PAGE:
Last year, Chock was influential in creating a carpentry preapprenticeship program with the Department of Hawaiian Homelands that allows Native Hawaiian beneficiaries to become carpenter apprentices who then help build homes for other Native Hawaiians. He also serves on the state Land Use Commission and other nonprofit boards such as the Lanakila Pacific Foundation and Child and Family Service.
“I enjoy the fact that my job has generational impact,” Chock says. “There’s a strong sense of responsibility that comes with that so I always want to make sure I do things the right way.”
Matthews Hamabata, 56
The Kohala Center
Colleagues describe Matthews Hamabata as the “then what?” guy because he has the brains, connections and vision to turn big ideas into reality.
A native of Hanapepe, Kauai, Hamabata has leveraged his East Coast experience and network to attract big money and talent. He’s grown the center’s annual operating budget from $15,000 in 2001 to $4 million last year, allowing for increased environmental research and education. Hamabata, a former dean at Haverford College in Philadelphia and professor at Yale University, has also been able to forge partnerships with national research powerhouses such as the Massachusetts Institute of Technology and Cornell University.
“We want to grow while remaining small,” Hamabata says. “We’re an example of how a rural community can leapfrog into a global-knowledge economy and participate in an international arena – and do it well.”
Under Hamabata’s leadership, TKC has become a premier advocate for energy sustainability and food self-reliance. It has also conducted important research that has led to county legislation and implemented programs, such as the Hawaii Island School Gardens Network and the Kohala Watershed Partnership, to help the community thrive ecologically, economically, culturally and socially.
“Matt’s philosophy is not about supporting science at any expense. It’s about developing science in conjunction with and respect for the land, people and culture,” says Roberta Chu, president of TKC’s board. “His greatest accomplishment has been his ability to build a team of people that converts theory into actual results – and the whole island and state will benefit as a result.”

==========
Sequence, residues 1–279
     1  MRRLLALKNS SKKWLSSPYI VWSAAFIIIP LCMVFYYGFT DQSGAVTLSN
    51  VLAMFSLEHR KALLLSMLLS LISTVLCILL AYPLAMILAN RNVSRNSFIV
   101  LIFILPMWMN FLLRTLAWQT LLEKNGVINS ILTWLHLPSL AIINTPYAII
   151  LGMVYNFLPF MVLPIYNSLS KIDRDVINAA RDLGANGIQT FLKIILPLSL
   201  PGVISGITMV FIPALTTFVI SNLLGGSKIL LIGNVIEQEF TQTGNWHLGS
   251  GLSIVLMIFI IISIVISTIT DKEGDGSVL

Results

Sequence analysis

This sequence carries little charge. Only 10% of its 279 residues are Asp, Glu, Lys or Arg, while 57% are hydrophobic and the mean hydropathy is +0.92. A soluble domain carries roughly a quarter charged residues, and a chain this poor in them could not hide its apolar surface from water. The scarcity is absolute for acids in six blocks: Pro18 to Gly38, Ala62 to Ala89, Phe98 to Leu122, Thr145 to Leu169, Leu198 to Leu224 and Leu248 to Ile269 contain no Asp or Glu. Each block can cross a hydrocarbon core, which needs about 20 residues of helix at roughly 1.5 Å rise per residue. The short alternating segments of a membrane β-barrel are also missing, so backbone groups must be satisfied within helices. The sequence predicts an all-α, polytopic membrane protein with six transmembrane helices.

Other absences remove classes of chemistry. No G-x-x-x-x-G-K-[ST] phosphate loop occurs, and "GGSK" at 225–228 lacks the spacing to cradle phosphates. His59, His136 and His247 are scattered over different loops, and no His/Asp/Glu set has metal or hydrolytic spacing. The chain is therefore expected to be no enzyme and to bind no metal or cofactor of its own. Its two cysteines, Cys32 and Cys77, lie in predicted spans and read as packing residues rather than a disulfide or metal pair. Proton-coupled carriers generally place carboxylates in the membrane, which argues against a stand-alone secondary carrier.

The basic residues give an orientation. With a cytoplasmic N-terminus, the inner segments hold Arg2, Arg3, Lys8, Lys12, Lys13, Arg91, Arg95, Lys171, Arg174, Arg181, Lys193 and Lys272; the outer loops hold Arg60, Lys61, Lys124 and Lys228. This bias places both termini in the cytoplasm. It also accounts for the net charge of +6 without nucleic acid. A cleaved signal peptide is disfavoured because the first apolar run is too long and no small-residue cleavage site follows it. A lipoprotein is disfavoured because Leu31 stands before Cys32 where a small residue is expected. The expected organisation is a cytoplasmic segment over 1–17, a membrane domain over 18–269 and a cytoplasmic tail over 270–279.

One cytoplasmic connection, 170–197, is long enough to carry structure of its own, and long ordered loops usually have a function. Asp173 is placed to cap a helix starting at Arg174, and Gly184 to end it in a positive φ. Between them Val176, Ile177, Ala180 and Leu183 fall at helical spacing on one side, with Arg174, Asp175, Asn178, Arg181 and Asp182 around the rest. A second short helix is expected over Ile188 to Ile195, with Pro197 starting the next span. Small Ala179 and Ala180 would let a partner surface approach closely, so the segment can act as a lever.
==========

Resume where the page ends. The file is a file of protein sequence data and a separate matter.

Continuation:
Kippen de Alba Chu, 45
After six years studying international business in Paris and Bologna, Italy, 13 years as a legislative staffer and a couple of more years as a lobbyist for the insurance industry, Kippen de Alba Chu may not have seemed like the obvious choice when he was selected to run Iolani Palace in 2006. “I remember asking the search committee why they were considering me,” he says. But the choice now seems providential.
Puchi Romig, president of the board of directors of the Friends of Iolani Palace, points out that de Alba Chu has garnered support for the museum among legislators and government officials. As the chair of the Statehood Commission, he expanded the civic role of the palace. Even his time abroad has been useful. “He has a world vision for the palace,” Romig says, noting that it has been nominated as a World Heritage Site. “Basically, he’s the best thing that’s happened to us this century.”
He’s also been a kind of ambassador. “When I first started at the palace, there had been a very strong resistance to engaging the activist groups,” de Alba Chu says. “That was something that I set out to change.” For example, despite some controversy, Onipaa – Queen Liliuokalani’s birthday – is finally celebrated on the palace grounds. Even after the occasional palace takeover, he still reaches out to Native Hawaiian groups.
“No one should underestimate the power of building bridges,” he says, “even if, at the time that you build one, it’s almost like it’s a bridge to nowhere.”
Kelly Hoen, 52
The Royal Hawaiian
Kelly Hoen lives by three core values that sum up why she is a force for the future.
Respect: “It was the backbone of my family values. It is now my leadership guiding principle.
Without respect, I cannot serve,” she says.
Sincerity: “Listening – really listening – is how I demonstrate a true feeling of sincerity. My heart is huge and I am touched by humility.”
Passion: “My energy is abundant and my enthusiasm is real. I find excitement in watching people succeed.”